Through a Glass Darkly uses the Terri Schiavo case as an example to illustrate three principles about how Christians should interact with the political sphere.
First, Paul tells us to respect those in positions of authority, which for us includes the judiciary, whether liberal, activist, or whatever other term you want to call it. Many Christians recently have been anything but respectful. This was a big problem among politically conservative evangelicals when Clinton was president. Now that most of these people like the president, the ire transfers to others. It's just as evil. Criticizing someone's ideas is one thing, but the kind of language I've seen goes way beyond what's required to criticize someone's ideas.
Second, most hard legal cases are complex, and Christians too easily slip into talk of moral absolutes as an excuse not to engage with complex issues. The Schiavo case had that in spades. I'm not saying that there aren't absolutes that apply to this case, and I'm not saying that there weren't people who concluded what most evangelicals who discussed it were saying that did it in a reasonable manner. I happen to agree with the conclusion of most of them, that Terri should not have been court-ordered to starve to death. I don't agree with most the simplistic move too many people made between the fact that such an action would lead to her death and the automatic assumption without argument that there is never any time when doing something that will lead to an innocent death is ok. I can't myself believe that there's never any such case that's ok, but you can believe that there never is without taking this simplistic route out. You have to deal with the complex issues, in other words, and not just steamroll your way past them. David's post lists a number of such complexities, and people like me who disagree with his conclusion will need to deal with those complexities and not pretend that there isn't at least something to be said for seeing them as relevant.
Finally, we must reason with people who disagree, remembering that they do not share all our assumptions. We must respect the viewpoints of those who disagree on fundamentals and seek to engage them in reason with the awareness of their differences. No one who takes a different view will spend much time listening to an emotive rant that has no argument to it, and if the argument is too quick and skips over the complexities I've already mentioned, they'll dismiss it as shoddy thinking. And they'd be right to. The most important task in reasoning with people who disagree with us is to listen to them. If we try to understand what they're saying, and we adjust our argument accordingly to deal with it, then we'll have a stronger argument. If we discover that there's something about our position that doesn't turn out to hold up, then we can weaken our conclusion and have better support for it. Either way, our argument will be stronger.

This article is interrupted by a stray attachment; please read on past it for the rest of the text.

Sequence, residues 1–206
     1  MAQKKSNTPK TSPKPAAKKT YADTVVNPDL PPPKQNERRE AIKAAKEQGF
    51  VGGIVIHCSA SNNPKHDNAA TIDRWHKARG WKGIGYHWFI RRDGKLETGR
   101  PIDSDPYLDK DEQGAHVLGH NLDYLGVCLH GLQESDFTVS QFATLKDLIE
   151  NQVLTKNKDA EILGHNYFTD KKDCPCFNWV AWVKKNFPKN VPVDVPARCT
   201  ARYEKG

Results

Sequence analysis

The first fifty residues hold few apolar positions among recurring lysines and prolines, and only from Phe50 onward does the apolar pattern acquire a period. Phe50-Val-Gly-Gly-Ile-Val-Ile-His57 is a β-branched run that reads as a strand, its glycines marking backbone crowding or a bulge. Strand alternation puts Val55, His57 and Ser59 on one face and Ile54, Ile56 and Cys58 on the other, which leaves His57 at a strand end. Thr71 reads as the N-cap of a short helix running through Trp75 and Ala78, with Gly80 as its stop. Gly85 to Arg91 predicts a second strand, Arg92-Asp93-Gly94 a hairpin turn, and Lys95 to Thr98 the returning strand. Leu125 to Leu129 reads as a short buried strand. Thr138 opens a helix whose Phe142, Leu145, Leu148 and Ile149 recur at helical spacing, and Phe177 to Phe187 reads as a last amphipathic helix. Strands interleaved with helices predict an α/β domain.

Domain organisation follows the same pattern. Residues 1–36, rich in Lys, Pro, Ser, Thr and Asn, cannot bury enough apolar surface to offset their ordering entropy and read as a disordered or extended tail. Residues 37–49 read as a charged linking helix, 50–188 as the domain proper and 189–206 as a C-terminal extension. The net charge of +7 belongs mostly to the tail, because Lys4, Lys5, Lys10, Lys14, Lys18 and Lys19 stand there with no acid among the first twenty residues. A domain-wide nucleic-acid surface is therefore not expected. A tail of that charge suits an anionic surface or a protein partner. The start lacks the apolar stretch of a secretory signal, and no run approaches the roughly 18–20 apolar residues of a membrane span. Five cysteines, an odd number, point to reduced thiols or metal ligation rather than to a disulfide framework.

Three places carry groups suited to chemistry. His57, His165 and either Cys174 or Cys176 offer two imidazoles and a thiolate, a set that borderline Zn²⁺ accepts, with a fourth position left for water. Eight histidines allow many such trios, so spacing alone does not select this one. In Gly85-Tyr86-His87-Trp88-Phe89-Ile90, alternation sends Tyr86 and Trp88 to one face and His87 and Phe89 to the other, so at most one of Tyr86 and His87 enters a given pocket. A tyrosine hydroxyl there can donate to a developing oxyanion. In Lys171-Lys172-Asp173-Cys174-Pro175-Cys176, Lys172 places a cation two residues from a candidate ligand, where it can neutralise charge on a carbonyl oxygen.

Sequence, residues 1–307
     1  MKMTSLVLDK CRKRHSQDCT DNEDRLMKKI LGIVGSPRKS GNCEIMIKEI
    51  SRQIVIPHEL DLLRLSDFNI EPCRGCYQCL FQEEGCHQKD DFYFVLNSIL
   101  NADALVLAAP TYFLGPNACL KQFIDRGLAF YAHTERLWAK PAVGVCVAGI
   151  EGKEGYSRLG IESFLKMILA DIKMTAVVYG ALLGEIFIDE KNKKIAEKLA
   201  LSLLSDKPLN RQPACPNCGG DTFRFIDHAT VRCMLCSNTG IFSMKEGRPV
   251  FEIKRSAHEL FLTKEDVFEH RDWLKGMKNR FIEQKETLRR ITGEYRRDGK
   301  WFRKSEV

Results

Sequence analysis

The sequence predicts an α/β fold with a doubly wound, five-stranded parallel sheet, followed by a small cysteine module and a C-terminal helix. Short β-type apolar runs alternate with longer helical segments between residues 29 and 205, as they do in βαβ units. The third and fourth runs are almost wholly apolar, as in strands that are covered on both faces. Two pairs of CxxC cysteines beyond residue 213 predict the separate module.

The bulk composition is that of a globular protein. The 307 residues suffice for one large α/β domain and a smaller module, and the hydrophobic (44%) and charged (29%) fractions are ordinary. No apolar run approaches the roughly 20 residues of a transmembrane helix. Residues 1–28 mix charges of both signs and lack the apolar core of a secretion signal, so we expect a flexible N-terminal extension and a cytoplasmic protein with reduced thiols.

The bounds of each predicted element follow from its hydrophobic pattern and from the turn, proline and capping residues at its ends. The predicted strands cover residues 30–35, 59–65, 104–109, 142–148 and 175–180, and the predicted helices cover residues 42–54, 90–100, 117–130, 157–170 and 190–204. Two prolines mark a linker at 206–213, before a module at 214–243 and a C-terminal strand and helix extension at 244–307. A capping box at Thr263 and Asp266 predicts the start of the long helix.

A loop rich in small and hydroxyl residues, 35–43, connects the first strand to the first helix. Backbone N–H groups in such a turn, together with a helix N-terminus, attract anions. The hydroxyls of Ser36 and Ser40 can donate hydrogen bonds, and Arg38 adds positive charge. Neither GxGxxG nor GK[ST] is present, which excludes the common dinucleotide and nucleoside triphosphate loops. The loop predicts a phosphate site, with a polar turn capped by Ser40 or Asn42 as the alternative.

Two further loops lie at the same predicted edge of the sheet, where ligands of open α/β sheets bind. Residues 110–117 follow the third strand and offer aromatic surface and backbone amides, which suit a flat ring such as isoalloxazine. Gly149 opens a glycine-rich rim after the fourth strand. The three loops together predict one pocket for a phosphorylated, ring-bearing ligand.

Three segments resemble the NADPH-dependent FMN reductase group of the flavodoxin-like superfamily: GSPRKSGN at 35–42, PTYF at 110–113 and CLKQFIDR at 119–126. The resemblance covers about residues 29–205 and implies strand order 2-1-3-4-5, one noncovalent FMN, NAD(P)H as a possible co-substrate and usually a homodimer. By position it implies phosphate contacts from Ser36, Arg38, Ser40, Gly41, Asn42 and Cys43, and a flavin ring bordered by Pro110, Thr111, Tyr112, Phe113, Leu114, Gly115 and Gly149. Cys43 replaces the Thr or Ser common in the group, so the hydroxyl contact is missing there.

Sometimes following these principles will amount to accepting a broad procedural practice as it stands, even if we would prefer a different procedural practice. We might seek to change it but allow it to stand as it exists until it's changed without seeking to violate the rule of law as we see fit. This also speaks into what people sought to do with Terri Schiavo. Laws directed toward this one case, while not the unique action critics were claiming, do seem a little ad hoc and disrespectful of the process we normally accept in this country. Far better would be a law that dealt with whatever problems this case showed we have in our procedures and then applied the changes to any such cases. This takes time, though, and we need to respect the process. If judges follow the law as it stands, we should respect them for doing so. It's not clear to me that the courts violated the law in these cases, though I do think they need to get a better sense of what counts as even halfway decent evidence when someone's life is at stake. What this amounts to is that the rule of law might require injustice to be done to fix the laws.
There's room for a lot of different views once you accept these responsibilities. I just thought these were three very helpful considerations that evangelicalism has gotten pretty terrible at observing, and it's exactly for things like this that the people keep talking about theocracy and the Texas Taliban. Such comments are clearly paranoid, immoral, and bigoted. Yet evangelicals feed into that mindset by behaving in a way that people just find stupid. David calls for a change in tactics, and I can't help but agree.